The African Development Bank (AfDB) may be about to get its first president from its biggest shareholder – Nigeria.
Africa’s largest country, which holds 9.3% of the AfDB, almost double the total of the two next biggest shareholders, has twice failed to capture the presidency of the bank since its inception in 1964. That may be about to change.
Akinwumi Adesina, Minister of Agriculture and Rural Development in the outgoing administration of Goodluck Jonathan, is one of three frontrunners to succeed Donald Kaberuka. Cape Verde’s Finance Minister Cristina Duarte, the first woman to contest the presidency and the first from Portuguese-speaking Africa, and Zimbabwe’s Thomas Sakala, with the backing of the Southern African Development Community, are seen as the other strong candidates. The election takes place on May 28 during the bank’s annual meetings in Abidjan, the commercial capital of Côte d’Ivoire.
Kaberuka’s successor takes over Africa’s only triple-A rated institution that has implemented more than 3,000 programs and projects, worth more than $50 billion. Under Kaberuka, a former Rwandan finance minister, the bank focused on infrastructure, proffered technical advice that some attribute to Africa’s resilience after the 2008 global financial crisis, and has started to attract private capital to help build Africa’s roads, railways and ports.
“Kaberuka has done an excellent job, becoming the leading voice for African development,’’ says Earl Gast, Senior International Adviser at Covington & Burling. “The ideal next AfDB president will be a global visionary, an inspirational leader, and an outstanding manager of a large, multinational bureaucracy…”
In addition to Adesina, Duarte and Sakala, there are five other candidates: Ethiopian Finance Minister, Sufian Ahmed, who has overseen the economic transformation of Africa’s second most populous nation; former Tunisian Finance Minister, Jaloul Ayed; Chad’s Finance Minister, Kordje Bedoumra; Sierra Leone’s Foreign Minister, Samura Kamara; and Mali’s Vice President of the Islamic Development Bank, Birama Boubacar.
With a PhD in agricultural economics, Adesina, who has led Nigeria’s drive to feed its 170 million people, says he will focus on consolidating Kaberuka’s legacy while building a more cohesive institution to drive Africa’s development agenda through regional integration and innovation.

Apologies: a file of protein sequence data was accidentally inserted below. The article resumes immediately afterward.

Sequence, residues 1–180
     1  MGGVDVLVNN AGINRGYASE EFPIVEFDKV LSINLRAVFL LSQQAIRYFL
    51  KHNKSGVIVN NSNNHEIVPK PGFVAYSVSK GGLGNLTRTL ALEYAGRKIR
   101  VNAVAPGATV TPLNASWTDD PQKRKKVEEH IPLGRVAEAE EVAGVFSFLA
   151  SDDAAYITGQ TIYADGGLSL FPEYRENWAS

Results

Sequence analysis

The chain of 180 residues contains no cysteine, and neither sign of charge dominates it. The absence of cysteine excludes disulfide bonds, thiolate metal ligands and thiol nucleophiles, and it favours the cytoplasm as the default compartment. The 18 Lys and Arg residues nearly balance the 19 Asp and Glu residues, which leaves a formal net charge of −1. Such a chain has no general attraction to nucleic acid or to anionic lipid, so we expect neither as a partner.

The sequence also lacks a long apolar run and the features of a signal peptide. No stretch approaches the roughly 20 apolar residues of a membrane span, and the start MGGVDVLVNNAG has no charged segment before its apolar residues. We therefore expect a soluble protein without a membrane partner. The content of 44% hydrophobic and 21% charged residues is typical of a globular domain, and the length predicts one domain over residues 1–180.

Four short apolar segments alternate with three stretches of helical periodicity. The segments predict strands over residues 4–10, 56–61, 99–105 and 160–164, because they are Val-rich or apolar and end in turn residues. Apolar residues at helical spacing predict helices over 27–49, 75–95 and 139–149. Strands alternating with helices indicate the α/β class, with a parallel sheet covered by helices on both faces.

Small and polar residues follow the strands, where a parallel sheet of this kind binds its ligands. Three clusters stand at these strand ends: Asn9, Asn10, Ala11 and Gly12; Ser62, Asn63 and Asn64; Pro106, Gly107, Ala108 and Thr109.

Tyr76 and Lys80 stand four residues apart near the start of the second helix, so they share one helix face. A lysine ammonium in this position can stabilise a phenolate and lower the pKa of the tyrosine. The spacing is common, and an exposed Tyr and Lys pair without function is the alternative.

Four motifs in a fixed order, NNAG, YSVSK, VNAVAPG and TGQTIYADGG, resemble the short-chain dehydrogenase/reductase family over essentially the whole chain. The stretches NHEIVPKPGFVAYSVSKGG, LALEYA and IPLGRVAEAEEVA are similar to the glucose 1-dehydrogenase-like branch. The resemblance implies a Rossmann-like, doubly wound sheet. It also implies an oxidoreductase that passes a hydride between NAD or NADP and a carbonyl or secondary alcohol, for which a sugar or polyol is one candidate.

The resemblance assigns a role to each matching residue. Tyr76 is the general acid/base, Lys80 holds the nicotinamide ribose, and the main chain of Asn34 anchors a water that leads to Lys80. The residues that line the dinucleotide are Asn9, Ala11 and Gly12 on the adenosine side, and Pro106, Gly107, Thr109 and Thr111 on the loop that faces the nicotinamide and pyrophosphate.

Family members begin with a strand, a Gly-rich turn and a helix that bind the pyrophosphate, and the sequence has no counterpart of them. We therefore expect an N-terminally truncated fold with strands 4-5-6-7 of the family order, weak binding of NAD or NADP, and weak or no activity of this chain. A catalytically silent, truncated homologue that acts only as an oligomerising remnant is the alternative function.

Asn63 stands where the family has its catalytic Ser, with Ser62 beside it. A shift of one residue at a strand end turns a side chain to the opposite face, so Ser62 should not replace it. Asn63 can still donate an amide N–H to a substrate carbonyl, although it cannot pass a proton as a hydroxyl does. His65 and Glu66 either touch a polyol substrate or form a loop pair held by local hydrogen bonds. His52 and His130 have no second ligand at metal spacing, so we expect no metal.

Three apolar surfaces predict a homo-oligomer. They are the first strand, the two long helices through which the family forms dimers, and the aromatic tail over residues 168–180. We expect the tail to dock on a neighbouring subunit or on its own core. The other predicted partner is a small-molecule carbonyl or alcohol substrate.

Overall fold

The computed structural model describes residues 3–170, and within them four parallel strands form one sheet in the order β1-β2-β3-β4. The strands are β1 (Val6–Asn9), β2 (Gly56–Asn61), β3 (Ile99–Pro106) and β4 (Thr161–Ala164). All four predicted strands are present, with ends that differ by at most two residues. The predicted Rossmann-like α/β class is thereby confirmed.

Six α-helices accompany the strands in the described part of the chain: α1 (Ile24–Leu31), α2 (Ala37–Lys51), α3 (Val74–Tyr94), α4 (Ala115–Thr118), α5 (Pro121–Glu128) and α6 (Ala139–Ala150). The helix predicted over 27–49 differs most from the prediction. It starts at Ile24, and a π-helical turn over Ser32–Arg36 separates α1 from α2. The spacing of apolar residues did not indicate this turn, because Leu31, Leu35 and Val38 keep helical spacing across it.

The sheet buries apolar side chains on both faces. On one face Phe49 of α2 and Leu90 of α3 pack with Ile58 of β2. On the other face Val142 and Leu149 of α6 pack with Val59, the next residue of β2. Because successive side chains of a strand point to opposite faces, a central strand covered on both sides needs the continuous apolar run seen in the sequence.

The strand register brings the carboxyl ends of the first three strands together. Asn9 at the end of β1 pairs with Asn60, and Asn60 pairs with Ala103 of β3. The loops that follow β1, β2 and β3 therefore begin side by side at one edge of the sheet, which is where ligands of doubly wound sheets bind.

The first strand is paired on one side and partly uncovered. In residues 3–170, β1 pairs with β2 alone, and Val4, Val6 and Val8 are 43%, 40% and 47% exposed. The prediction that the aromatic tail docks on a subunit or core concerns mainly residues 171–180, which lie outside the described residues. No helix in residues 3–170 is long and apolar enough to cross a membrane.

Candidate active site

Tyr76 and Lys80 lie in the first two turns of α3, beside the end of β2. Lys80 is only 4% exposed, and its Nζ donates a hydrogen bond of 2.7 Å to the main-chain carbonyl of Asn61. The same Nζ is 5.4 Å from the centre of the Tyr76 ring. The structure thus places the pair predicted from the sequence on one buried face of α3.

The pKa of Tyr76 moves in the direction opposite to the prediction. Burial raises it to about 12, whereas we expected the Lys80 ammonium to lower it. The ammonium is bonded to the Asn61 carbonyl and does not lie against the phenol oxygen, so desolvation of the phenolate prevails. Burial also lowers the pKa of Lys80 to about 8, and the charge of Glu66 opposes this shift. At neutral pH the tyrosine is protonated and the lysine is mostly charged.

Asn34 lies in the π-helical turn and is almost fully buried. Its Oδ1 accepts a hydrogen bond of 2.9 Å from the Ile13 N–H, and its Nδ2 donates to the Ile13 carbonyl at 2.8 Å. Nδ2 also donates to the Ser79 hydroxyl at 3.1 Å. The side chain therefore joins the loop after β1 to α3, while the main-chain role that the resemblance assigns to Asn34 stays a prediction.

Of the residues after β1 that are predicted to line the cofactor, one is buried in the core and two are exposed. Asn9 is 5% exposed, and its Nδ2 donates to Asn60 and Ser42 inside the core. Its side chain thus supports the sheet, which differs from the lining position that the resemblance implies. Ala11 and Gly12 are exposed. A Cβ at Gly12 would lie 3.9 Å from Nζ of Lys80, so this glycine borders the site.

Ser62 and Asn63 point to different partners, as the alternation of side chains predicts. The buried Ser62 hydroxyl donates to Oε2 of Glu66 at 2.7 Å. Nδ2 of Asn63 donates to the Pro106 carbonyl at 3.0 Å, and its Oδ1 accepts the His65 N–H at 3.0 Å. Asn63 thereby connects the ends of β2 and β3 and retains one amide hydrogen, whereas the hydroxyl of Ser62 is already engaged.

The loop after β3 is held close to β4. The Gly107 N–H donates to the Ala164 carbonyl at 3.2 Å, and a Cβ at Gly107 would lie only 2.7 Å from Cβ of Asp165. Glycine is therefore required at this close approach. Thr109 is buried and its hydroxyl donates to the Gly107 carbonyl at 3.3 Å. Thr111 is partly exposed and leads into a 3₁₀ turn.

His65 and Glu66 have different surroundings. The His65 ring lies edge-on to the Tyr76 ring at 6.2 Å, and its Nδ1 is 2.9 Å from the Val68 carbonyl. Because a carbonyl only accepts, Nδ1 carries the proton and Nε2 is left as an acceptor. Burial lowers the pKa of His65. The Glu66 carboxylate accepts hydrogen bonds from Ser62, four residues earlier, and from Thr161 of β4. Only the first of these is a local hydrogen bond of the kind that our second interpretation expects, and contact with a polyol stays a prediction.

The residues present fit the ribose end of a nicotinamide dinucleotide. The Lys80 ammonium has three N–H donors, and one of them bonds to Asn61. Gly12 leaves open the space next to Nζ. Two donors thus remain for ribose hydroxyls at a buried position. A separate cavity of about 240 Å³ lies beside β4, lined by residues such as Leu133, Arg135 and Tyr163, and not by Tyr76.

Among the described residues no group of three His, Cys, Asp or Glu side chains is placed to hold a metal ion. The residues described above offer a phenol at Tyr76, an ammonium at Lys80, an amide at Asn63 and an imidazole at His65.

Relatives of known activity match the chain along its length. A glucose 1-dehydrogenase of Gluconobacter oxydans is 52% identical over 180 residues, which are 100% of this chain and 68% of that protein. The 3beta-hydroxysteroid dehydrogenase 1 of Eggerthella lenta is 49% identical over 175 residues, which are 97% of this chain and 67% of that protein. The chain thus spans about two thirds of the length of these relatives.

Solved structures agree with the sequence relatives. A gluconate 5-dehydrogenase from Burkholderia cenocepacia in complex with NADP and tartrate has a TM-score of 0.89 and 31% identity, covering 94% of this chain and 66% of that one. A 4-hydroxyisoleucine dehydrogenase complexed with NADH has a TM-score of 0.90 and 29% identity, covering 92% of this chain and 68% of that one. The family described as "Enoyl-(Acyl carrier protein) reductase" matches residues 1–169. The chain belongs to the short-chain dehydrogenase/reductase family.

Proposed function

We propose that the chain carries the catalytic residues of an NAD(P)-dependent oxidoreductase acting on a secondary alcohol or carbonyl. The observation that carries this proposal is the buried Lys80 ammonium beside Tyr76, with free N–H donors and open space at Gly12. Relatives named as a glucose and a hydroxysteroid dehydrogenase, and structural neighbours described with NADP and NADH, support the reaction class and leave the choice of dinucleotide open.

“I will position the bank into a more nimble and effective institution that can effectively anticipate and address emerging and futures challenges for development of Africa,” says Adesina in his presentation to the bank’s board of governors. “I will transform and revive Africa’s dead economic spaces in rural areas through investments in Africa’s rich agricultural resource and agro-industrial developments that turn those resources into value-added commodities.’’
With regional politics, shareholding, qualifications and language coming into play, analysts say the election is one of the most transparent at a global financial institution and the winner will need to build broad alliances to win both the African vote and the non-regional members’ support.
To win, a candidate must capture 50.01% from Africa’s 53 governments and 50.01% from the so-called non-regional members comprising of donor nations, who hold 40% of the bank’s capital. Africans control 60% and the bank president must always be an African.
Aside from their new initiatives, the next leader of the AfDB will take over the implementation of the bank’s 10-year strategy through to 2022 which focuses on the development of agriculture, fragile states, food security and gender.
They will also need to further other initiatives started by Kaberuka, such as tapping private capital into a new source of funds for developing infrastructure and helping smaller countries utilize their natural resources more effectively and ridding the continent of conflict, says Scott Morris, a senior fellow at the Washington-based Center for Global Development.
Whoever it is, the next AfDB President will be judged on the steps they took to grow Africa’s economy and lift people out of poverty.